Coverage E of the policy before us is in standard form and is essentially identical with the policy form written and promulgated by the National Bureau of Casualty Underwriters referred to and quoted hereinabove. It is our view that this coverage was intended to provide indemnity for damages resulting from an insured's wrongful death caused by an uninsured motorist, payable to whatever person or persons may be entitled to bring an action under provisions of V.A.M.S., Sec. 537.080, whether spouse, child or children, parent or parents, or administrator or executor. We will so rule unless compelled by arbitrary standards of interpretation to hold that the term "legal representative" includes only administrators or executors and excludes all other classes of persons.

The term "legal representative" has no fixed meaning in the law and does not have the same signification in every case, since its import varies according to the circumstances of its use. Black's Law Dictionary, 2d Ed., p. 1020, defines legal representative as follows:

"Legal representative. A person who, in the law, represents the person and controls the rights of another. Primarily the term meant those artificial representatives of a deceased person, the executors and administrators, who by law represented the deceased, in distinction from the heirs, who were the `natural' representatives. But * * * the phrase has lost much of its original distinctive force, and is now used to describe either executors and administrators or children, descendants, next of kin, or distributes. Moreover, the phrase is not always used in its technical sense nor always with reference to the estate of a decedent; and in such other connections its import must be determined from the context; so that, in its general sense of one person representing another, or succeeding to the rights of another, or standing in the place of another, it may include an assignee in bankruptcy or insolvency, an assignee of a mortgage, a grantee of land, a guardian, a purchaser at execution sale, a widow, or a surviving partner."

Also see Black's Law Dictionary, 4th Ed., p. 1041. Reference to 24 Words and Phrases, 594, "Legal Representative", and 52 C.J.S. p. 1041, Legal (Phrases), where many definitions of the term are collected, clearly indicates the great variety of meanings which have been given to it.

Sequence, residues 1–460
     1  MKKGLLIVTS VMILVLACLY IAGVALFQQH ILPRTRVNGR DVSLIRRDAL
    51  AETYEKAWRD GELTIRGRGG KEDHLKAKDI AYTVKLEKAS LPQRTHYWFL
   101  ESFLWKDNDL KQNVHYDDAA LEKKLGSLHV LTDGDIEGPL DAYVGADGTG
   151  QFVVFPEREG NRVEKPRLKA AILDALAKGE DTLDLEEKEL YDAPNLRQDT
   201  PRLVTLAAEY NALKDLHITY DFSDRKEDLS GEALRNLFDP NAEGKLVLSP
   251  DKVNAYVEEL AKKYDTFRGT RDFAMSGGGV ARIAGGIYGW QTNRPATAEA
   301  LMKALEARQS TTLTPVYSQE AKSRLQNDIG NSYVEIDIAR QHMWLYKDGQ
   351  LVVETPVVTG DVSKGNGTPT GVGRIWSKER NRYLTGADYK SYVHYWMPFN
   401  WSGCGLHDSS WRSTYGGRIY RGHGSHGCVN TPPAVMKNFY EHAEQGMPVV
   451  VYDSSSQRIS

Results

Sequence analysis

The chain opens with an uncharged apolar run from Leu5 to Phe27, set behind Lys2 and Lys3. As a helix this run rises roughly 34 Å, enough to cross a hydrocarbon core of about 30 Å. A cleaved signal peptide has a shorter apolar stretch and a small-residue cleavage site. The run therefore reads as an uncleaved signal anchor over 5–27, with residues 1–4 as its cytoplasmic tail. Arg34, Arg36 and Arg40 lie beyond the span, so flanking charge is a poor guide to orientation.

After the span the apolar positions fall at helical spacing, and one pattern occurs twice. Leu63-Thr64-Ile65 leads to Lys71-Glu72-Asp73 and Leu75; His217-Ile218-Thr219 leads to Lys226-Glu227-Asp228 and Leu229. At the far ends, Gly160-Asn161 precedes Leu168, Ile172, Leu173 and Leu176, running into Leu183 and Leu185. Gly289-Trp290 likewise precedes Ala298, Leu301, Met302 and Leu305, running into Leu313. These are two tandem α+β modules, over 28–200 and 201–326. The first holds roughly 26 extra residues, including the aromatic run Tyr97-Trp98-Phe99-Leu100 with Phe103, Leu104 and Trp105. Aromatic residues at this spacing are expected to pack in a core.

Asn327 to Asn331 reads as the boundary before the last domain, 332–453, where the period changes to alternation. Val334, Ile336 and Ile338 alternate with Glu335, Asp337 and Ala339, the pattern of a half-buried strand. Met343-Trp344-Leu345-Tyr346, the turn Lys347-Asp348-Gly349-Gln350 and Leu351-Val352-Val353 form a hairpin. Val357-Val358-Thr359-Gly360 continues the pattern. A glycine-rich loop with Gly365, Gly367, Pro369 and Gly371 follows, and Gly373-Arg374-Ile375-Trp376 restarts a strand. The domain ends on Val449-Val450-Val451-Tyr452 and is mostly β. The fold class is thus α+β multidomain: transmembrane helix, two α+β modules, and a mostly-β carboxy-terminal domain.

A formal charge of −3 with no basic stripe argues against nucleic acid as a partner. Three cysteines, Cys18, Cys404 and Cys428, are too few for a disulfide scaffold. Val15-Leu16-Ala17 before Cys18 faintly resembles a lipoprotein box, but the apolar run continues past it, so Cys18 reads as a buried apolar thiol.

A Missouri decision bearing very materially on the immediate question is found in Nudelman v. Thimbles, Inc., 225 Mo.App. 553, 40 S.W.2d 475. The plaintiff there sued for personal injury damages and obtained a judgment against a defunct corporation and individual defendants who constituted its last board of directors. Plaintiff's case against the individuals was based on the theory that they were subject to suit as statutory trustees and as "legal representatives" of the defunct corporation, within the purview of Sec. 3280 R.S. 1927 (present V.A.M.S. Sec. 537.020), which provided that actions for personal injury would not abate by reason of the death of the person against whom such actions have accrued, but should survive against the person, receiver or corporation liable for such injuries, and "his legal representatives". The individual defendants contended that the term "legal representatives" has a technical meaning and could include only executors and administrators, and therefore would not include them as corporate directors. The court rejected the argument, ruled that the officers and directors of a defunct corporation were its "legal representatives" charged with the duty to wind up the corporation's affairs, and held that the action survived against the complaining defendants "as the statutory trustees and legal representatives of the company". In affirming the judgment, the court said, "We concede that, in legal usage, the term `legal representatives' ordinarily refers to executors and administrators, but that is not the only sense in which it may be employed. To the contrary, the meaning to be attached to the term in a particular instance will be determined from the context, and the intent with which the expression is used, and, if those considerations are such as to indicate a meaning different from the ordinary one, the courts will not hesitate so to construe it. 36 C.J. 978".